between the fits of coughing
and smoke, I wondered about the places
she had been, the faces she had trusted,
the faces and places she still trusted.
Who did I have. Who did I overlook
when I needed something new.
Before long I found myself down the sidewalk of another
barfly trap and there she was at the end
of the street laughing with a girlfriend and my
eyes must have lingered
too long, my feet and my
breath too because she
saw me and smiled
and waved, briefly, like swatting a fly,
and went back to the wave
of conversation that I imagine sometimes often
carries on in well-lit corridors or rooms
where ceiling fans whir
away the suspense of strangers and you
talk about things like great music and traveling,
how stars aligned at the right time, once or twice before,
the end of the world, and the last Breaking Bad.
I thought about waving but she had
already turned away, and so I left,
turning around, misfortune starting to nestle into its place
deep inside my cowardly vase, a pool of courage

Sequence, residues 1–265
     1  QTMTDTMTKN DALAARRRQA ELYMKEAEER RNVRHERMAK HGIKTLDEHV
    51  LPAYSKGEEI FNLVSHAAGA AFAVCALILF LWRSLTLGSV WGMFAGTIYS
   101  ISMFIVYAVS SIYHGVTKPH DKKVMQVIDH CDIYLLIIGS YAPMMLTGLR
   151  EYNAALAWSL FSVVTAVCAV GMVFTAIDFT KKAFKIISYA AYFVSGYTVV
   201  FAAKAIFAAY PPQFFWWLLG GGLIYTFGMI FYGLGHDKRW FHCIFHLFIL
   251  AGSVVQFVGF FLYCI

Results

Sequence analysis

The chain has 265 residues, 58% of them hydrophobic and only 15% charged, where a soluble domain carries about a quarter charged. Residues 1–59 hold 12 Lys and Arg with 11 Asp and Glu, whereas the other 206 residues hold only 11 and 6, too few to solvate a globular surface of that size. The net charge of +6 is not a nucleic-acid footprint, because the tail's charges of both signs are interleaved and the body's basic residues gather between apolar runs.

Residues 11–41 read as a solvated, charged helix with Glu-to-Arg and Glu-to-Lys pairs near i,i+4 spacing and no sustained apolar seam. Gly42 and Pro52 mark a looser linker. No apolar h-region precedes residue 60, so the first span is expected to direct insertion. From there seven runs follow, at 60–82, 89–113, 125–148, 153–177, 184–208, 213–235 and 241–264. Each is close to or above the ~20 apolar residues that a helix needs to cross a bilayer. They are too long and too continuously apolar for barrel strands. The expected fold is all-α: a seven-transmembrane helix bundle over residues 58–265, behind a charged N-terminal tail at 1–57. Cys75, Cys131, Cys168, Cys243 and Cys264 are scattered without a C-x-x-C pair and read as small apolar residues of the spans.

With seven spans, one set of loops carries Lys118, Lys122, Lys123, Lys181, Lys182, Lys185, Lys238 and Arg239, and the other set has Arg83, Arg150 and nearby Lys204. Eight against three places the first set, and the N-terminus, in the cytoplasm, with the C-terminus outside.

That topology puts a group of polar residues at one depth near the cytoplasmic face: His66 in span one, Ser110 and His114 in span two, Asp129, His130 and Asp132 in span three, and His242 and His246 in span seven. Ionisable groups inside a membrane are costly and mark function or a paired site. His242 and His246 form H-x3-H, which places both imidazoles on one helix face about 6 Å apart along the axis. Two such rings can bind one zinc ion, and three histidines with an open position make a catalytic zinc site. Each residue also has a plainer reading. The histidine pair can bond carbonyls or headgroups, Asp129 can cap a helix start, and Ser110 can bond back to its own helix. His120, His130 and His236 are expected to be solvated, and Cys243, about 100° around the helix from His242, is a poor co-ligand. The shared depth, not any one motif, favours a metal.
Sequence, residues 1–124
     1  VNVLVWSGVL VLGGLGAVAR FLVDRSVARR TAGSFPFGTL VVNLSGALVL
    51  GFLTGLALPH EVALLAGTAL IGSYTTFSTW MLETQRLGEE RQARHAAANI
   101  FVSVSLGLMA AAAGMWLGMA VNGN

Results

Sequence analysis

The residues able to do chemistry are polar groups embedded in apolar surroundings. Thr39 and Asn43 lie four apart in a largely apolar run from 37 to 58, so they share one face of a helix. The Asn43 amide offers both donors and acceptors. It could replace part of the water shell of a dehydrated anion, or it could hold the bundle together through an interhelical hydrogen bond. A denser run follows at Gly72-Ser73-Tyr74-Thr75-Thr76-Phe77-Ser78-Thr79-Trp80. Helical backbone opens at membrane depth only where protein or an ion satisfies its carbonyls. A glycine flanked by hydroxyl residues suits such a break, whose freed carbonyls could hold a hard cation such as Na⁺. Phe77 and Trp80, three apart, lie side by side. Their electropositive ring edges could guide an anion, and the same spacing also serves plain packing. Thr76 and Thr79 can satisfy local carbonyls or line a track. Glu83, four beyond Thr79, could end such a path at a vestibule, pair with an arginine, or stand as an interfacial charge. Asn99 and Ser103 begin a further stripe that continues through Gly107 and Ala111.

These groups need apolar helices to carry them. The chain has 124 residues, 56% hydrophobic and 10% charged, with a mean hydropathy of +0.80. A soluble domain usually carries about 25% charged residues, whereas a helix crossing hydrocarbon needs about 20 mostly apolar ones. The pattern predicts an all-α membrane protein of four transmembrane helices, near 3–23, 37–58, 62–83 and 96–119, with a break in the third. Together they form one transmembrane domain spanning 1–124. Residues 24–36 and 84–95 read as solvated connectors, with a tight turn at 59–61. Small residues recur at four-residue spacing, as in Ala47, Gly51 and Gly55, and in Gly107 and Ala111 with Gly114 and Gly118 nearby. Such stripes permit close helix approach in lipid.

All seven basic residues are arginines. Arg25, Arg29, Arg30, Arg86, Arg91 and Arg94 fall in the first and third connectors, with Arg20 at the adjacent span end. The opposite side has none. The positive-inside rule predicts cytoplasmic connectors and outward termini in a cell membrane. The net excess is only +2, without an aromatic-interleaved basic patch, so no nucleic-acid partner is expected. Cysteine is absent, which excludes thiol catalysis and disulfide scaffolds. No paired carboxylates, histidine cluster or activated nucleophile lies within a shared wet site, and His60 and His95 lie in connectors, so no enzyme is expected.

stagnant and muddied from standing still.
But as I walked away, something
beyond my shortcomings leapt
forward. The memory of her smile a short
while ago. And I felt small, but in a good way,
like standing on top of a precipice
where the past is small and foreign,
triangle stamps on a topographic map.
She was kind to me, and the only crime
of kindness is that it
ends someday, or grows
silent like a horizon, like an embrace,
like a wave of a hand, like a boy
who’s learned enough to know
nothing has to be said.

poetry is for SHIT

Insomnia is usually a good sign for me that I am avoiding confrontation. That I am far more asleep at the wheel spiritually than I am physically. That I need to write, or pick up the guitar, or find some song, movie, or good friend who will shake me awake. Something akin to a mental spring cleaning. But it’s never that easy. Unless you are an asshole. In which case, everything you think is the honest to goodness truth and you sabotage your illusion of control by lifting your arms in victory revealing the chinks in your armor, the bare armpit, and the arrow pierces you from the side where there is no rib cage, and all of a sudden you remember you do have a heart.

Despite its spiteful title, this is my love song to Poetry.


poetry is for SHIT
Poetry is for shit. We climb under the covers.
Hardback, paperback, cyberback, audio
back because it’s all for shit. No one can stand
up. No one can preach from the lectern without
words to follow on the page, on the mind, so deadly
derivative, so deadly diminutive, so deadly